The Turn of the Screw and Twilight

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English Essay – Catherine Cooper
“Texts on their own are interesting, but when compared to other texts they become illuminating” Discuss in relation to ‘Twilight’ and ‘The Turn of the Screw’ Essay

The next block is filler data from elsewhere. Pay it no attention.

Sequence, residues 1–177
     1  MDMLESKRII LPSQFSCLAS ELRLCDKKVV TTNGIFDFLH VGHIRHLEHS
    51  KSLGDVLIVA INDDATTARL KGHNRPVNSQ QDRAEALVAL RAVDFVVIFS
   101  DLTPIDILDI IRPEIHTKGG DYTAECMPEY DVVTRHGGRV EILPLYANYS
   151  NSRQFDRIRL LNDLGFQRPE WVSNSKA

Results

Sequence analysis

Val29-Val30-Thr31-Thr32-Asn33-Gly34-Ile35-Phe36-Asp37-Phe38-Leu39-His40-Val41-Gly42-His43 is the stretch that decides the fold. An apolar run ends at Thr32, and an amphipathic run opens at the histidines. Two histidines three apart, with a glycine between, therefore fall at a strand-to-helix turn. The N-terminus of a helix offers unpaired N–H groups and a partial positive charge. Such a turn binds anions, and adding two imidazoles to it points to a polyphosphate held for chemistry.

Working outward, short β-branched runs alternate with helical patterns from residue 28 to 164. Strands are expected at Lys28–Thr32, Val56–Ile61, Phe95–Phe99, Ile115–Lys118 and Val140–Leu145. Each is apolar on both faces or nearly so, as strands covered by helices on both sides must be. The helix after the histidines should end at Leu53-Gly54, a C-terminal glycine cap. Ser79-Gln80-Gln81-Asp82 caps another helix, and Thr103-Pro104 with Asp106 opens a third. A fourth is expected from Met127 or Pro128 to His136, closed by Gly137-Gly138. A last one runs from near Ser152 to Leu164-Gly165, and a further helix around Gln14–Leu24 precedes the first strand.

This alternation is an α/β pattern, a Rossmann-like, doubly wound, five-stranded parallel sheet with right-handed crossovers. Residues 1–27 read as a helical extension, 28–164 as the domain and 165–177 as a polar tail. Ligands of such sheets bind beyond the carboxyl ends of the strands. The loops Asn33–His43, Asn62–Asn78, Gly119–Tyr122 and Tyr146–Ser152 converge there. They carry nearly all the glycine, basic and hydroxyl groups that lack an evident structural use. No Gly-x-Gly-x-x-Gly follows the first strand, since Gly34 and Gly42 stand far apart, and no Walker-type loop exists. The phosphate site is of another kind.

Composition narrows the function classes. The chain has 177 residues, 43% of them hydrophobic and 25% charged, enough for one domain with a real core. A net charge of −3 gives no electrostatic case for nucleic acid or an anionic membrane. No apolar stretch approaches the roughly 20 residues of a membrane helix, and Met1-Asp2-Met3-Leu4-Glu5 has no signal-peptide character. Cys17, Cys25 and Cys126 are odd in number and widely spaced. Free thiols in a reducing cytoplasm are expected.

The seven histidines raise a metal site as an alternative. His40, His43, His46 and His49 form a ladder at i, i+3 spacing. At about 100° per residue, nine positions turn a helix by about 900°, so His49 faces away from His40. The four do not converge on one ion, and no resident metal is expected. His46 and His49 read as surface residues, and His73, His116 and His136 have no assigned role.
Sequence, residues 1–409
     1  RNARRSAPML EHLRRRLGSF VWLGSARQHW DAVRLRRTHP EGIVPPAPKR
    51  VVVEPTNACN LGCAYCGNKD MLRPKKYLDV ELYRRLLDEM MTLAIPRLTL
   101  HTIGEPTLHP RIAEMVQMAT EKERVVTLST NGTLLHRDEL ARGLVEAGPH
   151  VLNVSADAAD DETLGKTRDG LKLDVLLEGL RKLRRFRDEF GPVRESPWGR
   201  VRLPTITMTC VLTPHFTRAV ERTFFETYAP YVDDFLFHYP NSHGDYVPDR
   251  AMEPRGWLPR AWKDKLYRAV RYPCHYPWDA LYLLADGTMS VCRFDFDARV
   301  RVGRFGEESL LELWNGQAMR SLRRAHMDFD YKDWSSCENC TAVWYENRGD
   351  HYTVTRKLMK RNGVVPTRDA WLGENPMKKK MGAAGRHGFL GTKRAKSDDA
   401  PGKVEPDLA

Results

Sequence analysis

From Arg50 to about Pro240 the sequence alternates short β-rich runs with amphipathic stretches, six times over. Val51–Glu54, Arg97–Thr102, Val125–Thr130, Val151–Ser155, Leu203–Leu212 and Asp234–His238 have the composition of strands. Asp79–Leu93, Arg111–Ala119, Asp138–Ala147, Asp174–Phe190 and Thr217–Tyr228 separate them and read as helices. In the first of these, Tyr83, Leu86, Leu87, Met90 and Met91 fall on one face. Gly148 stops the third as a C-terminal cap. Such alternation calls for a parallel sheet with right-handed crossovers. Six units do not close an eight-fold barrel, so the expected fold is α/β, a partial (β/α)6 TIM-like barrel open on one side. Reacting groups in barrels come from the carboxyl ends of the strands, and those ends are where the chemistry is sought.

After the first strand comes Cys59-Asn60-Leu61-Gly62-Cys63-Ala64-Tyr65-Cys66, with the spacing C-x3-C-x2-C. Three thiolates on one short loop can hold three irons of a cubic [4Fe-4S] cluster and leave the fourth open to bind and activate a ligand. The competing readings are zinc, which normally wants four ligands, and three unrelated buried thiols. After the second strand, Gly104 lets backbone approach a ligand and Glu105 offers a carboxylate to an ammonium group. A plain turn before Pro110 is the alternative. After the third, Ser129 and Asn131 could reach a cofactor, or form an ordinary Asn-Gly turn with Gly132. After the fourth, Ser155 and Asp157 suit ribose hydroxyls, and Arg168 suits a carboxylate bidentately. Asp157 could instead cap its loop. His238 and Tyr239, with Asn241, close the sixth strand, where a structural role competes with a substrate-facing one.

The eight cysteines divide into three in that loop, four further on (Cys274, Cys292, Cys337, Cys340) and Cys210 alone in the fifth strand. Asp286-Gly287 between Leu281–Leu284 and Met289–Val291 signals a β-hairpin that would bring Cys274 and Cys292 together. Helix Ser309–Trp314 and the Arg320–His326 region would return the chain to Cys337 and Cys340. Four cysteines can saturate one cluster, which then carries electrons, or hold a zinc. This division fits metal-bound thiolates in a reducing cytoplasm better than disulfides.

Texts on their own are thought-provoking, motivating, fascinating and stimulating. With a background context, audiences may learn about the values of the time. Although when studying more than one text, if the contexts are understood, the two texts can be analysed, interpreted, compared, contrasted, it becomes informative and audiences may learn more about the values held in the texts. The texts are illuminating when compared to each other because we are able to see what values are being challenged through the gothic genre in regard to the context. Values including sexuality, forbidden relationships and the role of women are represented and explored in both Henry James’s gothic novel The Turn of The Screw, composed in the Victorian era and Catherine Hardwicke’s 21st century gothic film, Twilight. Sexuality is explored in both Henry James’s The Turn of the Screw and Catherine Hardwicke’s Twilight. Through studying Henry James’s The Turn of the Screw, it is evident in the England 19th century sexuality was a taboo and was expected to be conservative. Although in the gothic novel sexuality is not spoken of directly, there are connotations of sexuality throughout the text. The governess is sexually frustrated and repressed, she is not given her desires so is preoccupied by the ghosts, “he is handsome…remarkably”. As James had a strong background in Freud’s theory, his father being a keen reader of Sigmund Freud’s work, his brother a Freudian psychologist and philosopher, the likely reason why the governess really sees the ghosts is a result of her sexual repression, the Freudian theory being “when the pleasure principle cannot express itself, it must bury (repress) or transfer (sublimate) its desire”. Whereas in 21st century postmodern society active sexuality is...
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